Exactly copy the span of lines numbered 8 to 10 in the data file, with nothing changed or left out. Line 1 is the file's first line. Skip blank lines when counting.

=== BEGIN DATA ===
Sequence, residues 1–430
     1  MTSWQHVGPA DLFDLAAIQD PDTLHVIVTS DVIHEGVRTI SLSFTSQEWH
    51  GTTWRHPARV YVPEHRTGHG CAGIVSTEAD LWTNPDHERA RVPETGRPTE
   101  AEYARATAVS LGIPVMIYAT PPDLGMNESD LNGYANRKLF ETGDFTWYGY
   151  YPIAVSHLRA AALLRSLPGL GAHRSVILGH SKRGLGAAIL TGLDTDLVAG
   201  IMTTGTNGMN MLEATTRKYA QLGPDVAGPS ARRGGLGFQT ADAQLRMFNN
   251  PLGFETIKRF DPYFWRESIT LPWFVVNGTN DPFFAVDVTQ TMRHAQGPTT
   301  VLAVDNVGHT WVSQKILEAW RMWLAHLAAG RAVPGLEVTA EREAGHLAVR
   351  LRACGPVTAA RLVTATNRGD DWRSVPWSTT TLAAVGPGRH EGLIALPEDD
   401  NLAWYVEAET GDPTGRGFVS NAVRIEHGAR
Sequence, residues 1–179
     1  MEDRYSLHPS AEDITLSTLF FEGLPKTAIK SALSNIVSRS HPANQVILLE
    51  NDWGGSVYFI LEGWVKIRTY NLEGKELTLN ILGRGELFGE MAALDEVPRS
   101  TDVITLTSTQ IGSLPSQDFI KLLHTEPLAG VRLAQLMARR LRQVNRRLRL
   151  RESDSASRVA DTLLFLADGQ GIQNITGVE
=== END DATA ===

   301  VLAVDNVGHT WVSQKILEAW RMWLAHLAAG RAVPGLEVTA EREAGHLAVR
   351  LRACGPVTAA RLVTATNRGD DWRSVPWSTT TLAAVGPGRH EGLIALPEDD
   401  NLAWYVEAET GDPTGRGFVS NAVRIEHGAR